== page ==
Checking out eddies on the East Australian Current in RV Investigator

The scientists, crew and support staff on board RV Investigator are enjoying some beautiful weather off the coast of northern and central New South Wales this past week.

The vessel is out in the middle of one of Australia’s busiest shipping lanes, conducting research into eddies that spiral off the East Australian Current, with Professor Iain Suthers from the University of New South Wales as the Chief Scientist.

Before the ship departed Brisbane, Professor Suthers sent through the image below  of the eddies he was hoping to study. Right now there is a 100 km wide eddy off the coast of Byron Bay and a very productive one only 30 km diameter off the coast of Forster, very similar to the image below. It appears to be an offshore nursery area.

The whales, dolphins and tuna think so too – the officers on the bridge have recorded impressive numbers in the Forster eddy feeding on what appears to be sardine.

Overall, I think we need to focus on the excitement around the new ship, which was built to perform world-leading multi-disciplinary research in the national interest.  Regarding the spare 120 days, we are not ruling anything in or out, rather our focus is to maximise the utilisation of the ship for the purpose for which it was provided.  The national interest test includes whether the research will provide data in priority areas, if the data will be publicly available and if other researchers are able to collaborate (onboard or by sharing samples for example) to add value.

Oceanographers from UNSW led by Prof Moninya Roughan have release satellite drifters into the eddies, revealing the characteristic clockwise spiral of these oases in the ocean.

Here’s a photo from on board with the team about to deploy the lagrangian drifter, which is a piece of equipment that can either float on the surface or at a specific ocean depth, to collect data about an ocean current.

V03 2015 Iain Suthers

Meanwhile scientists from UTS led by Prof Martina Doblin are discovering the basis for this productivity, in the form of single celled algae and photosynthetic bacteria and even viruses.

Around the clock they’ve been deploying equipment and collecting crucial data that will help us better understand how cold eddies play a pivotal role in our fisheries. In the plankton nets we have found over 80 different families of larval fish, including popular species such as larval yellowtail kingfish, dolphinfish, flatfish, and eels. V03 2015 Iain Suthers larval fish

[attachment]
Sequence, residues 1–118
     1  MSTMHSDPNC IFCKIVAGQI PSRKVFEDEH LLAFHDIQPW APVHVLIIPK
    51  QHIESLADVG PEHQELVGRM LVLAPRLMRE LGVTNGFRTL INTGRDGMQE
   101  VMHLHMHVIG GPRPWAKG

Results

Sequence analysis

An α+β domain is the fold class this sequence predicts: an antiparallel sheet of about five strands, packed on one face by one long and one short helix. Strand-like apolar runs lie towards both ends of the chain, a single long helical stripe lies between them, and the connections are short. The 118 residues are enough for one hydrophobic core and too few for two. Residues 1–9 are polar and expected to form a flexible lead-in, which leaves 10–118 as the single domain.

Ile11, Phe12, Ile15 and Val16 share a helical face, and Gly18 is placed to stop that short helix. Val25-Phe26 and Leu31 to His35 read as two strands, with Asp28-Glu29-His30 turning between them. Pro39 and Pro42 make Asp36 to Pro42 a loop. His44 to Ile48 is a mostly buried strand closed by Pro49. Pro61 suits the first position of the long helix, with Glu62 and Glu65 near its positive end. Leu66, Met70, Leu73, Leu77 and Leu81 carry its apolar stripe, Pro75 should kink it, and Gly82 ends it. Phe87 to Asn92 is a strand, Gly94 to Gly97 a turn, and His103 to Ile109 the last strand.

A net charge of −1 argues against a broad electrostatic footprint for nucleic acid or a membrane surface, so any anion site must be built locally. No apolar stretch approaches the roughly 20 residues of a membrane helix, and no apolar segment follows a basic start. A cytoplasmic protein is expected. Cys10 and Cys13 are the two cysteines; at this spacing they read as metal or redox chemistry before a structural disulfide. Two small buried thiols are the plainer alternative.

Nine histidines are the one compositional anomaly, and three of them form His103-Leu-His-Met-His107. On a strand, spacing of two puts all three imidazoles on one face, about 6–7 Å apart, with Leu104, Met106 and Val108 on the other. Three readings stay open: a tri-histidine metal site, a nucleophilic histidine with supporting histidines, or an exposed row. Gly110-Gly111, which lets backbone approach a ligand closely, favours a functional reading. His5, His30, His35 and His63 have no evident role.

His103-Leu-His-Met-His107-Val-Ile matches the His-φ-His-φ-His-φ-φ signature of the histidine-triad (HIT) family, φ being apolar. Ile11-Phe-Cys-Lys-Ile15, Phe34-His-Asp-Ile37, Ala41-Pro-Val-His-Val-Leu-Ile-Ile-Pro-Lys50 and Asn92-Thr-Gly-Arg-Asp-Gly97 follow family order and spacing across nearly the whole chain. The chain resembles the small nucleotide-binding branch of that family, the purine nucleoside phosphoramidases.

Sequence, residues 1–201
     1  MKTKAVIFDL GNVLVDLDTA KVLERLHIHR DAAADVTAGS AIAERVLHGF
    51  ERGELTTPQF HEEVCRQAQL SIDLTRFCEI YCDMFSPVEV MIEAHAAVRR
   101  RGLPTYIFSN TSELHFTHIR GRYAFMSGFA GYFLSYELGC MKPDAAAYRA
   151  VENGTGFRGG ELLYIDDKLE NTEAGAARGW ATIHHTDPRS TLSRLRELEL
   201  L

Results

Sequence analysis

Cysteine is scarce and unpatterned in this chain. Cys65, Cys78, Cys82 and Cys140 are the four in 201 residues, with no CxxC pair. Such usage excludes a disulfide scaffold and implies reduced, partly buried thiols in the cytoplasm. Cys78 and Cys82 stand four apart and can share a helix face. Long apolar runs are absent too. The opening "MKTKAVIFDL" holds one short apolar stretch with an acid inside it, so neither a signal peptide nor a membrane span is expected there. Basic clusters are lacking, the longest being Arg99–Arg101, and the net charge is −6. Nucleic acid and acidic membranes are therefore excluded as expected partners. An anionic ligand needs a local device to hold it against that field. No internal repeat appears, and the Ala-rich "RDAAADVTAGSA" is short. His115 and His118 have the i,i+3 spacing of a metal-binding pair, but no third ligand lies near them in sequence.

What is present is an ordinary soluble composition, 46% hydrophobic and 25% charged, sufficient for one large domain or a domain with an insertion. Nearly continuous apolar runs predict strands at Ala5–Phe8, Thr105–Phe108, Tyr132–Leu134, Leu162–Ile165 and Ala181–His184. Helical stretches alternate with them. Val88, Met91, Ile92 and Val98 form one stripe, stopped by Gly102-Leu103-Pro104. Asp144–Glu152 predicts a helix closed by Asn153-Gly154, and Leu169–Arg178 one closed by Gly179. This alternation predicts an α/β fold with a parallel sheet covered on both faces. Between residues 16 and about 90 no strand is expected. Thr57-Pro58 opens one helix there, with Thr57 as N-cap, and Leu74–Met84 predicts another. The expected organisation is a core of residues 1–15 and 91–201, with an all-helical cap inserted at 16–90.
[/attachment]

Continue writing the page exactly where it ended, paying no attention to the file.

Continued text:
A Queen’s Birthday Honour for Toni Moate!

Toni Moate

We’re pretty chuffed that the Executive Director of the Future Research Vessel Project, Toni Moate has been awarded the Public Service Medal for outstanding public service in Australian marine and atmospheric science, as part of the Queen’s Birthday Honours List!

The media release sent out today, Monday 8 June 2015 said…

The Governor-General and Chancellor of the Order of Australia, His Excellency General the Honourable Sir Peter Cosgrove AK MC (Retd), approved the awards that were announced today in The Queen’s Birthday 2015 Honours List. The Queen’s Birthday 2015 Honours List recognises a diverse range of contributions and service across all fields, including professional endeavours, community service, Defence and Emergency Services personnel, and acts of bravery.

“We are fortunate as a community to have so many outstanding people willing to dedicate themselves to the betterment of our nation and it is only fitting that they have today been recognised through the Australian Honours system. Since 1975 these awards have drawn national attention to the personal efforts of individuals, made willingly, without thought of recognition or recompense,” the Governor-General said.

Ms Moate has excelled in leadership of both research and development in the fields of marine and atmospheric science during her career of over 20 years with the CSIRO. She is widely regarded as one of Australia’s leading research managers and, most recently, as one of the world’s top marine infrastructure professionals. She played a pivotal role in an extraordinarily large and complex national project, namely delivering the Marine National Facility’s new research vessel Investigator. Under her direction the vessel was delivered on scope and on budget. Ms Moate led a rigorous multinational procurement and delivery process to design, build and commission the new vessel, which represents a step forward in Australia’s marine science capabilities that will serve our nation with distinction for many decades to come.